‘Some books are to be tasted, others to be swallowed, and some few to be chewed and digested ….’ When Francis Bacon tried to make this distinction, he advised that few books are to be read with diligence and attention for they are invaluable. But he could not have foreseen that there can be one more factor for classification – scary!

Rajiv Malhotra’s Artificial Intelligence & Future of Power is one such book that shakes and scares you. No, he has not written about aliens or ghosts but what the future may actually hold for all of us in this world itself. Artificial Intelligence (AI) can sting. The term AI remains a little-understood phenomenon and most of us take it to be the way it’s depicted in science fictions. Apart from discussing the elementary understanding that the masses have about artificial intelligence, there are several other dimensions of AI which Malhotra touches upon in his book. He writes with proofs and evidence patterns, he quotes AI leaders and big data company owners and then identifies five battlegrounds in his book.

The unleashing of technology through AI will render people jobless simply because they will be deficient in the skill sets needed to work on AI. As well as with AI. Also, contrary to the popular belief, AI will not create more jobs – rather, it will replace less skilled humans as personnel working on AI need to have a certain specific set of skills. At almost every level of ‘work’, AI will replace a certain amount of human workforce to increase production efficiency.

This will widen the already existing socio-economic gap and given the population of India, increased AI usage will lead to serious law & order situation, says the author. Malhotra goes on to the extent of predicting that the world may someday discuss de-populating the earth by eliminating the masses – a ghastly foresight.

Now contemplate a situation where you want to write on social media about the issue of social justice or gender equality and how these notions significantly differ in India from what is applicable in west, but you get a notice that your post contains ‘objectionable material’ so it can’t be published. This might sound familiar but ever wondered how and why it happens? Malhotra has answered it in his book. Social media is driven by algorithms and these algorithms are managed by AI, which in turn is managed by people who have their own biases as they have been born, brought up, trained and made to cherish the western universal notions of everything.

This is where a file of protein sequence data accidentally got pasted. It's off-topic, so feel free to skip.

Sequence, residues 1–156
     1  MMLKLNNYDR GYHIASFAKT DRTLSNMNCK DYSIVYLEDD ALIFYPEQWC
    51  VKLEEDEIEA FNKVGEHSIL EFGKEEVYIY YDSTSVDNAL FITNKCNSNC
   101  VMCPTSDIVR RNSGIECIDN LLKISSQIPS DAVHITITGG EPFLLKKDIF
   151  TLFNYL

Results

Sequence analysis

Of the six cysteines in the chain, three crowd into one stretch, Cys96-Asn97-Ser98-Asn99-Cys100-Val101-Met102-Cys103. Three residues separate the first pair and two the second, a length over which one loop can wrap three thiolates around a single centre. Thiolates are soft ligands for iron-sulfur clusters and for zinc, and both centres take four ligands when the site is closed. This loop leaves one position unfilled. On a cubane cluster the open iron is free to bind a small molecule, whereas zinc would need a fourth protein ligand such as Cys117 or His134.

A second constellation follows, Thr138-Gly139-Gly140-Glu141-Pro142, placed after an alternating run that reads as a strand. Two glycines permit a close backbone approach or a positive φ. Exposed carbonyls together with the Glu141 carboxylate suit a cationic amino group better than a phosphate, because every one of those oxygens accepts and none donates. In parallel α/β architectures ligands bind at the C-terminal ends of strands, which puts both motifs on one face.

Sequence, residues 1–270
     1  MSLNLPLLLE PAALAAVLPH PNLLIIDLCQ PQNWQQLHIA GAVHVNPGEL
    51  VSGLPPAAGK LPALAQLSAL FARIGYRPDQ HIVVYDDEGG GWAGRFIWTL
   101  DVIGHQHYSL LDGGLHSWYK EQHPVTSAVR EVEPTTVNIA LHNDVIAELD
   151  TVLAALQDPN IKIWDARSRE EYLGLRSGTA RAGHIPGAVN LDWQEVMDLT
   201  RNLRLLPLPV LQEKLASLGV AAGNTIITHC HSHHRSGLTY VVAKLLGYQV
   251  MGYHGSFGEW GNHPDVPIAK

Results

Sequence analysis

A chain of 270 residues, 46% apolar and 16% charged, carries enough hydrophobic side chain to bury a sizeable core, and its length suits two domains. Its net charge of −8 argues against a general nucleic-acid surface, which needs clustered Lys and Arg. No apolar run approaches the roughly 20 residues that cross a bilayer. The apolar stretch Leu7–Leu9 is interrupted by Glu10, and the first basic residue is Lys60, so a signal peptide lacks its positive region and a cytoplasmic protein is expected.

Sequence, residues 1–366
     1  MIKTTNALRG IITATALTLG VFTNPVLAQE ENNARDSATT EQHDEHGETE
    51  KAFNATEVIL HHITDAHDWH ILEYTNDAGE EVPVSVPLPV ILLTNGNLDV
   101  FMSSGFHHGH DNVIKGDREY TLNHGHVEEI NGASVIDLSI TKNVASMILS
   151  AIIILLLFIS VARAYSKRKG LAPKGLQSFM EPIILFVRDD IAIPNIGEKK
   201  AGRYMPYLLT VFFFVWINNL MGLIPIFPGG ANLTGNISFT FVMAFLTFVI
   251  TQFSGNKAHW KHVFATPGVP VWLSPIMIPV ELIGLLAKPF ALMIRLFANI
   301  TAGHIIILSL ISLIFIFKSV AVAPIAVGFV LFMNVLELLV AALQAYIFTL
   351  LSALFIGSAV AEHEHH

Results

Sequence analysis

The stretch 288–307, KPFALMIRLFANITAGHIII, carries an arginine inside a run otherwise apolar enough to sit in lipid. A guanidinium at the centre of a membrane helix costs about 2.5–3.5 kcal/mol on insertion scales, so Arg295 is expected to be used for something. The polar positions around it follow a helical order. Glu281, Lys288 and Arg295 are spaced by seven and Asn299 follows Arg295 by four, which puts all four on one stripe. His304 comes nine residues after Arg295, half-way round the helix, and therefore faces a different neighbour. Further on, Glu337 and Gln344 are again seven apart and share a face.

This can largely subvert democracy because democracies have fault-lines. Even a popularly elected mass leader is bound to have critics. But what if AI-driven algorithms started to flag the popular leader’s social media posts as a handful of critics find it to be objectionable? It has already happened in the USA with Trump. AI can, thus, undermine an individual, even a very powerful one.

Big tech companies sit on a mountain of data. Machine learning systems have some implicit and explicit values, norms and ideals that train the algorithms. Analysing an individual’s clicks on social media regarding his likes and dislikes, a pattern can be recognized and predicted and the individual can be easily manipulated accordingly. AI here acts as a force multiplier that strengths whatever values and policies are embedded within it. Specific narratives can be controlled and manipulated by AI. This can result in digital colonisation.

In his earlier books, Rajiv Malhotra has pointed to the western bias and the population parameters through which the west weighs the rest of the world, including India. The disdain western intellectuals and our very own brown intellectuals have for bhartiyata is an offshoot of viewing everything through the western lens. This is what makes yog gross and yoga cool! Western universalism (an assumption built into western thought that are projected as being universally applicable, even though, in reality they are specific to the history and worldviews of the west) has no room for accommodation and in worldview, all the modern self-proclaimed progressive values emanate from the west.

In his latest work, Malhotra lays out how urgently India needs to develop an Indian grand narrative that will serve as the base for its own AI platforms. India currently relies on obsolete European socialist and liberal theories and that is why the social science models taught here are western frameworks that are used to interpret Indian society. Masses in India are not even remotely concerned by AI. I they have heard of it, they vaguely identify with a robot, the sci-fi kind. Malhotra points out that in India, the public concerns over AI-related issues are at the level where concerns for global warming were a quarter of a century ago.

Worst of all, the State seems to be indifferent to this obvious threat. Malhotra mentions that other than the Indian military and the few baby steps taken by the Government thinktank NITI Aayog, no one seems interested. Social Science academics are embarrassed to even discuss AI as they lack even a basic understanding of AI and the general population is ignorant. That’s why Rajiv Malhotra’s book opens with a quote from Ramayana, ‘it is extremely easy to find people who speak pleasantly. But it is rare to find people who speak and hear true words even when they’re not pleasing to the ears’. Hope this book wakes India from its slumber.

-Kanishk Shekhar